Thanks to Jim Fernandez for sending me this article about Fiat's struggles to get their Italian workers to adopt American work practices – like the practice of showing up for work. The gist of it is that Sergio Marchionne, "fresh from rescuing Chrysler in the United States", "is pushing these workers to be more devoted to their jobs, mirroring a larger effort by the government to improve Italy’s competitiveness and reduce its debt through austerity measures." Now I think the jury is still out – and will be for quite a while – before anyone can say that Chrysler has been 'rescued', but the Fiat folks have been doing the right things. Whether the Italians can embrace lean, however, is another question.
This calls to mind the bigger question of national cultures and lean, begging the question whether lean is for everyone. The first time I saw this model was about twenty years ago when it was used as the basic framework for something called the 'Japan 21' project, which was Japan's manufacturing strategy/policy planning effort for the 21st century. The idea is that the physical and philosophical aspects of the business and the physical and philosophical aspects of the country or region have to complementary.
In many regards it is another one of those not-so-common matters of common sense, but the point is that the physical attributes of the region – geography, transportation networks, natural resources and so forth – have a lot to do with what products can be made and how. Continuing around the chart, the lay of the land has a lot to do with the culture of the country – island nations have a different outlook than landlocked ones, and mountainous countries develop different from ones in which it is easy for people to travel around and interact with each other, and so forth. The culture and outlook of the people has major implications on how the company can and should be managed, and the management of the company has to fit with the manufacturing methods, technology and product line-up.
As obvious as the basic principles may be, examples of an utter failure to grasp the obvious abound. In the USA,it is hard to find a region in which the economic development thinkers have not poured money and effort into an 'innovation center' with grandiose plans of turning their area into the next Silicon Valley … never mind the fact that the only institute of higher education within a hundred miles is a community college and there is no reason to expect an exodus of engineers into the area any time soon.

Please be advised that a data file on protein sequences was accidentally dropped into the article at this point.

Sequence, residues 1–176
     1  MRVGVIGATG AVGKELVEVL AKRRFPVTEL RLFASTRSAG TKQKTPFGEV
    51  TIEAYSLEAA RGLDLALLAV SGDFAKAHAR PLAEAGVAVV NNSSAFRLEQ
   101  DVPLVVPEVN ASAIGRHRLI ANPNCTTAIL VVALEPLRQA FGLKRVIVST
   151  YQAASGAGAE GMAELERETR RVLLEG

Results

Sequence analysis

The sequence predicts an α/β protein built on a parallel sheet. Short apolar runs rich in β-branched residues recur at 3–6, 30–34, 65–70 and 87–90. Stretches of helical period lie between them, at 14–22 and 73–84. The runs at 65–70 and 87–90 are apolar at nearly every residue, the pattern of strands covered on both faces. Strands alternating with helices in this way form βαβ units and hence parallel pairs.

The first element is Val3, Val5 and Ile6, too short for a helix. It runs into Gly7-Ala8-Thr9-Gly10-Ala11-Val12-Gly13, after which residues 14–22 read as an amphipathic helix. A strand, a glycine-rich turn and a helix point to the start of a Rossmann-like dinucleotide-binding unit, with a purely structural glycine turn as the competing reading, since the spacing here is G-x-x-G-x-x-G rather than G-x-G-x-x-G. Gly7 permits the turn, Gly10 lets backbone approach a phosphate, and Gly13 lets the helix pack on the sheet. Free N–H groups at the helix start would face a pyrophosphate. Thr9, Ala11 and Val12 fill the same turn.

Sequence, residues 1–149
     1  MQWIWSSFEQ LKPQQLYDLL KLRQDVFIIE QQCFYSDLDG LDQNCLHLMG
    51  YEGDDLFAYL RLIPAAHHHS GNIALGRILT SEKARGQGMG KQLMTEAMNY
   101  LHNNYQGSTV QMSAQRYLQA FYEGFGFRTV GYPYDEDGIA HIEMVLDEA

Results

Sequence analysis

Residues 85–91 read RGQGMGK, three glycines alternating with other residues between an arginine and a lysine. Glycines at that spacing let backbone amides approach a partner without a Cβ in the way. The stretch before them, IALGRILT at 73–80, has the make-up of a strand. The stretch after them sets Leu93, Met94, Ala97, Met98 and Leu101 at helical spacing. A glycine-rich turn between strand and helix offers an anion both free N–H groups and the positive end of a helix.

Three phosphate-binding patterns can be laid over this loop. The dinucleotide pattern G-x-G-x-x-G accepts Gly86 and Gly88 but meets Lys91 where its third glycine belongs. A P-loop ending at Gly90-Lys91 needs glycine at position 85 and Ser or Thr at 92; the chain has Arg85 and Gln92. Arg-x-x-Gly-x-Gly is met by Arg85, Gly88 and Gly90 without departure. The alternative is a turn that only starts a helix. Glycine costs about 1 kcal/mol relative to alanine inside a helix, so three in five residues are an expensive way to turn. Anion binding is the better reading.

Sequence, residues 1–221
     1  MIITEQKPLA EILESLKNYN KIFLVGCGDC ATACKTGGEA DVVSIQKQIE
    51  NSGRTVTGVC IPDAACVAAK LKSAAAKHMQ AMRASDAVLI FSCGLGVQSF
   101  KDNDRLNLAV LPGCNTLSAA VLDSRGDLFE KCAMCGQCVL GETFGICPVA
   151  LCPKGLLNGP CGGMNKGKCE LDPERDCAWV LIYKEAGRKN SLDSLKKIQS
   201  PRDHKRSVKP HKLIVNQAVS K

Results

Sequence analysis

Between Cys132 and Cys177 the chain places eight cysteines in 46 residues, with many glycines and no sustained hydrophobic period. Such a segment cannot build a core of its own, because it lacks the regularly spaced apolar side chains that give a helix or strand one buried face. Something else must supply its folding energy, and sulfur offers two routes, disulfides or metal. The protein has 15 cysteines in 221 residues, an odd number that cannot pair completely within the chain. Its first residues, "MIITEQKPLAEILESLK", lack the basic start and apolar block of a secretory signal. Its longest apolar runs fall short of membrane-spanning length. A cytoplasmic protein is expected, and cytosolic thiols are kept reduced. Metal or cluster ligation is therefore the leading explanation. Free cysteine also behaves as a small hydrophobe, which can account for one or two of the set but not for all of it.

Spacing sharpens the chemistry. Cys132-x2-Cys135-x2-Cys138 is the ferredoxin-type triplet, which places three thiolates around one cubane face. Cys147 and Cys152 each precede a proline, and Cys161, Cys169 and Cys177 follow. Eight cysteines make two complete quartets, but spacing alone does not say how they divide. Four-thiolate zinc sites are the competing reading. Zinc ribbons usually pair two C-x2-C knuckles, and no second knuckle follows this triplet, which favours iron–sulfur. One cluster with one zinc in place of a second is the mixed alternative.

I have known American purchasing managers who source copper wire from Israeli processors … never mind the fact that the last copper mine in Israel was tapped out in King David's time and that copper products from Israel originated in Peru and have the waste of two trans-Atlantic trips embedded in their cost … an economic scheme that cannot possibly sustain.
To the point of lean, the connection between the two bottom boxes is the issue. In the United States and most western companies people actually believe that Abraham Lincoln was right when he said our country is "dedicated to the proposition that all men are created equal", which seems to me to be a critical element of engaging and empowering people. While some of us let our egos get in the way, we know deep down that my superior education and higher slot on the org chart does not mean I am a better person than you. I am keenly aware of the fact that at another business across town my wife may be working for your wife, or that in twenty years, your kid might be my kid's boss. It is not that big a stretch for me to respect you and the potential input your knowledge and thinking can provide to the business.
Not all countries are that way, as much as we would like them to be. In many cultures both boss and subordinate honestly believe that the company pecking order is truly a reflection of character and worth. The boss is the boss because he actually is a better man than you, and he deserves your respect but you certainly do not merit his. And as much as we beat ourselves up over the dismal quality of the US education system, it is light years ahead of the compulsory sixth grade public school education the typical Chinese or Mexican worker brings to the job. There is a genuine limit to the contribution a person so completely ignorant can bring to bear on manufacturing's problems.
In many cultures a 'command and control' management system is not only necessary, it is expected and anything else is greeted with complete confusion. The case can be made that Henry Ford changed the culture of the United States, but as a rule, a company is not going to change the culture of its host country. It is up to the company to adapt its management processes and strategy to the culture in which it operates. I suspect a failure to recognize this is the reason for all of the strikes and labor problems Toyota encountered in India. To the point of the Fiat article, I don't think they stand a prayer of bringing Italy around to acting like their American employees.
Of course the implications of this are that, because lean manufacturing management that embraces, includes and empowers employees generates the best results, a lean company that builds a plant in a country with a cultural infrastructure incompatible with lean can never expect to get the same results in that country it gets at home. Global companies would do well to keep this chart squarely before them as they decide where and how they want to do business.